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Male Infertility Is On the Rise — Our Experts Explain Why

People make a lot of assumptions about fertility. 

For one, they presume that it’s easy to become pregnant. In truth, it can take 6-12 months to become pregnant, even with couples who don’t have fertility issues. Research shows that 1 in 6 people experience infertility worldwide. 

Another unfortunate assumption people make is that challenges with conception often occur because of the female reproductive system. In reality, nothing could be further from the truth.

When looking at couples affected by infertility, one-third of cases occur because of female infertility, one-third from male infertility, and one-third from both individuals or unknown factors. And in recent years, the increasing numbers of male infertility have been gaining attention.

Dr. Tony Tsai and his team at The New York Fertility Center work with people trying to conceive. They know that infertility can occur for numerous reasons, but their skills and experience enable them to identify what’s going on in each situation in order to make personalized recommendations on how to move forward.

In this blog, our experts shed light on why male infertility is on the rise and how our team can help.

Understanding male infertility

Male fertility problems can arise for many reasons, and it can go all the way back to puberty, when reproductive organs grow and form. Conception requires four elements from a man:

These may seem simple enough. However, several things can interfere with each of these elements, making it impossible for sperm to reach or fertilize an egg.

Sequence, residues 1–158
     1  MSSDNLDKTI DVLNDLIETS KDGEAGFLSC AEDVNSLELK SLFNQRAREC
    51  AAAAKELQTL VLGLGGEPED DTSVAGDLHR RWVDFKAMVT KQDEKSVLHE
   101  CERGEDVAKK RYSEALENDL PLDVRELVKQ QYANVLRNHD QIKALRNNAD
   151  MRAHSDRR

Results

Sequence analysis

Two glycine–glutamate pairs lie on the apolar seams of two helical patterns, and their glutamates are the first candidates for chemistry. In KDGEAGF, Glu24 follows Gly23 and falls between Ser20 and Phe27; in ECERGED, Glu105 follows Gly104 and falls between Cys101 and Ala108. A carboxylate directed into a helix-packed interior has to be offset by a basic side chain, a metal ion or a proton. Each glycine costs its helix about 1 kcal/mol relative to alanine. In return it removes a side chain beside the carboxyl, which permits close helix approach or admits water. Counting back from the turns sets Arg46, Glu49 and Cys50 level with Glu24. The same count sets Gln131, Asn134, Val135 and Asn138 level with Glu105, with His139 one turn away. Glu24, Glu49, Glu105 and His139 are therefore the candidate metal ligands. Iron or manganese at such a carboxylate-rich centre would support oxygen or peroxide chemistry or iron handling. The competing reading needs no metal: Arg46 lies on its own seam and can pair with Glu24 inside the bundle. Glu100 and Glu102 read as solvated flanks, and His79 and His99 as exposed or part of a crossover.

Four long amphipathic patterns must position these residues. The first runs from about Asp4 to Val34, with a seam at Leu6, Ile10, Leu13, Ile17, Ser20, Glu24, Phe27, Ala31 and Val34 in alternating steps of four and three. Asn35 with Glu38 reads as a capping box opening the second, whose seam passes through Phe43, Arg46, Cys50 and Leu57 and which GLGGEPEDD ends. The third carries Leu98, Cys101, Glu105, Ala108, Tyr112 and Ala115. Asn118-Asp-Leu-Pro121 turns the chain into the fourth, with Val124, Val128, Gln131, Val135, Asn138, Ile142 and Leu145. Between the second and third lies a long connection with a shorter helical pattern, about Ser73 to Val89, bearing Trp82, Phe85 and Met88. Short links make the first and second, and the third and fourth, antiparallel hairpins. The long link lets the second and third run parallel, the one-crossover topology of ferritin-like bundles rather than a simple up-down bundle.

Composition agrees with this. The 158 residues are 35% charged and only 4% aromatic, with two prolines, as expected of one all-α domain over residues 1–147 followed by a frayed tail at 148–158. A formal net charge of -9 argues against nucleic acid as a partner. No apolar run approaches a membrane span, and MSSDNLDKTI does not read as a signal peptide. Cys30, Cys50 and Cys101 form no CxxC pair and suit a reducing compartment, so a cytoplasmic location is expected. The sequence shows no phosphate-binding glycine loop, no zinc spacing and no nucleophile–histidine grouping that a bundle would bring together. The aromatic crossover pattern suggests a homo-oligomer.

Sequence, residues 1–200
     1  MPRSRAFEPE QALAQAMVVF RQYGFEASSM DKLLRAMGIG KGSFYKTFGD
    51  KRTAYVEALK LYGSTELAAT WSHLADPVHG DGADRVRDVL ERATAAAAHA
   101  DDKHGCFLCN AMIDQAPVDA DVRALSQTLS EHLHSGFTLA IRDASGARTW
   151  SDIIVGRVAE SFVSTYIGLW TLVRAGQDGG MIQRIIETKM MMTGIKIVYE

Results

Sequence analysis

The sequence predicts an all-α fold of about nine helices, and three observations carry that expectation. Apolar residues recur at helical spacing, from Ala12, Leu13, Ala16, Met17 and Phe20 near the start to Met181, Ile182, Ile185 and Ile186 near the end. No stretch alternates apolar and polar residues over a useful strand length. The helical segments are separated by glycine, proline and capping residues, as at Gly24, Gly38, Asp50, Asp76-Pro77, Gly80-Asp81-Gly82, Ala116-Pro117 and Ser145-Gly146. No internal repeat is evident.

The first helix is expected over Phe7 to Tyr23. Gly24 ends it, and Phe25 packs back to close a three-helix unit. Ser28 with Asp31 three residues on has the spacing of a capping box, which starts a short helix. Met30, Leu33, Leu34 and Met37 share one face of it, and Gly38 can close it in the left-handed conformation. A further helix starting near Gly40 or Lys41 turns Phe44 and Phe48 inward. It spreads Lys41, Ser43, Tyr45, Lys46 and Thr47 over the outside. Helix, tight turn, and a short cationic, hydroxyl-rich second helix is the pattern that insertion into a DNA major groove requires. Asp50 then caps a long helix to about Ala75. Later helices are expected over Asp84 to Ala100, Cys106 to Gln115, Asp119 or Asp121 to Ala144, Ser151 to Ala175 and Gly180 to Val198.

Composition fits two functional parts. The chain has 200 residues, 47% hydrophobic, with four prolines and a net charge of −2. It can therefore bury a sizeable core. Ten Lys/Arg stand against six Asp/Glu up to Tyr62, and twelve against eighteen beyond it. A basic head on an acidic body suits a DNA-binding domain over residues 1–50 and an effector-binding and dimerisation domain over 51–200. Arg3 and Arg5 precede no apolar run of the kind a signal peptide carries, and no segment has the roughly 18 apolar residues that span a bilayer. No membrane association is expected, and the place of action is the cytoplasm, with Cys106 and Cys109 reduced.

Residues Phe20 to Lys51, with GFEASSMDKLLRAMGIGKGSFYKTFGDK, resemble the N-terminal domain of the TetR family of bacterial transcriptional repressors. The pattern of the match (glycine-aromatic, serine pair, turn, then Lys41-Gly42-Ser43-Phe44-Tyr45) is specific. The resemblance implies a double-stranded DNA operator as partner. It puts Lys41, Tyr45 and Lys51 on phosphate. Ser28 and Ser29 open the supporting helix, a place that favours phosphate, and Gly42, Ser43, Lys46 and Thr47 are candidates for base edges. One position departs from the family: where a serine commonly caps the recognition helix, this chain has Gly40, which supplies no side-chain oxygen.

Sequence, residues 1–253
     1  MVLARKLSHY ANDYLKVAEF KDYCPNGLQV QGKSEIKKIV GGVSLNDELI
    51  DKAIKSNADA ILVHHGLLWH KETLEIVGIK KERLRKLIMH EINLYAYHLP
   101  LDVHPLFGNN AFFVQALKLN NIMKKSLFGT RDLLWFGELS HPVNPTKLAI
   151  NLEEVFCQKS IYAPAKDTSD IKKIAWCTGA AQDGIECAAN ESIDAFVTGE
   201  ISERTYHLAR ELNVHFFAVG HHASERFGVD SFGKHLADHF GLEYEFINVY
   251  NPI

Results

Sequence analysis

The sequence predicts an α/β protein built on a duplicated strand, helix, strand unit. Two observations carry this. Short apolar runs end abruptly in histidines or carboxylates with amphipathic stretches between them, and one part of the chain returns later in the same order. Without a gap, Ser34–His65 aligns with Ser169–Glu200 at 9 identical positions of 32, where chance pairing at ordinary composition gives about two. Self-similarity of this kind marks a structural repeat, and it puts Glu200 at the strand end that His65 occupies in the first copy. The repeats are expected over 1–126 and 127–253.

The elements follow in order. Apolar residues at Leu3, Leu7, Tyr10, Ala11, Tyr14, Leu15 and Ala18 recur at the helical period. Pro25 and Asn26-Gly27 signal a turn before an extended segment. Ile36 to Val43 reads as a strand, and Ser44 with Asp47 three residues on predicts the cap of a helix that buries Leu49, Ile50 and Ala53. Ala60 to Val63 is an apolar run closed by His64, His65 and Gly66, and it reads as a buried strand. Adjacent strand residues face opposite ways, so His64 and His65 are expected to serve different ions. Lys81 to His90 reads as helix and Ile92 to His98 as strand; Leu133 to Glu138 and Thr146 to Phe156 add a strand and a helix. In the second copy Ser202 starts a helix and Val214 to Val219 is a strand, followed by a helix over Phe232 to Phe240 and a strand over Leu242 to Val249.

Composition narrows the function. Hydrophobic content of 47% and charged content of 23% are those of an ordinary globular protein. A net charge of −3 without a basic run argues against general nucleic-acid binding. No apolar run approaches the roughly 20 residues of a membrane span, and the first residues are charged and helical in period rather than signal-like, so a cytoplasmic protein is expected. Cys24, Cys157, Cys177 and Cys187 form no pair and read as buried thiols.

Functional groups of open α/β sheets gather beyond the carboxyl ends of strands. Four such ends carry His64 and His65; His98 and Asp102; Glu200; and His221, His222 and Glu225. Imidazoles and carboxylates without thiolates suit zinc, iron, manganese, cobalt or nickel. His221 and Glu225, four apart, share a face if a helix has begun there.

Common causes of male infertility include:

However, male infertility also has direct links to environment and lifestyle.

Environment, lifestyle, and male fertility

Recent findings show sperm counts falling globally at a rate of more than 2.6% each year — a stark jump from the 1.2% yearly declines seen from 1973 to 2018. Exposure to chemical contaminants in the environment and lifestyle factors are possible contributors.


Studies show that several chemicals found in everyday households — including plastics, the food chain, electronic devices, personal care products, cleaning supplies, and even the air — can damage fertility. Production of these chemicals increased significantly after 1950, when declines first started appearing in sperm counts and fertility.

The problem is that these chemicals can alter hormones. And not only do they affect reproductive hormones, but they also cause other problems with the endocrine system, such as autoimmune disorders, obesity, and metabolic issues.


In addition to environmental factors, lifestyle choices can affect a man’s fertility across his lifetime. 

For instance, certain substances have a proven impact on sperm quality and production, including anabolic steroids, marijuana, alcohol, and tobacco. Research also shows that weight, diet, activity level, and stress can affect male fertility.

Treating male infertility

You can’t control all aspects of your fertility. However, you can make proactive choices to reduce potential problems. 

For example, new findings show that physical activity can significantly improve male reproductive potential. One positive step is to make regular exercise a priority, especially if you have a sedentary job.

Additionally, clean up your diet and work to reach — and maintain — a healthy weight. Avoid using substances with known links to male infertility, like anabolic steroids and tobacco.

These changes alone can improve your fertility and overall health.

On top of these steps, our team can look for additional issues affecting your infertility with a thorough exam that may include: 

Once we have a clear understanding of your fertility issue, we can offer recommendations and treatments. This can range from discontinuing steroid use to taking male infertility medications.

Are you concerned about your fertility? Contact The New York Fertility Center  at either New York office — in Downtown Flushing Queens or the Flatiron District in Manhattan — to schedule a consultation today.

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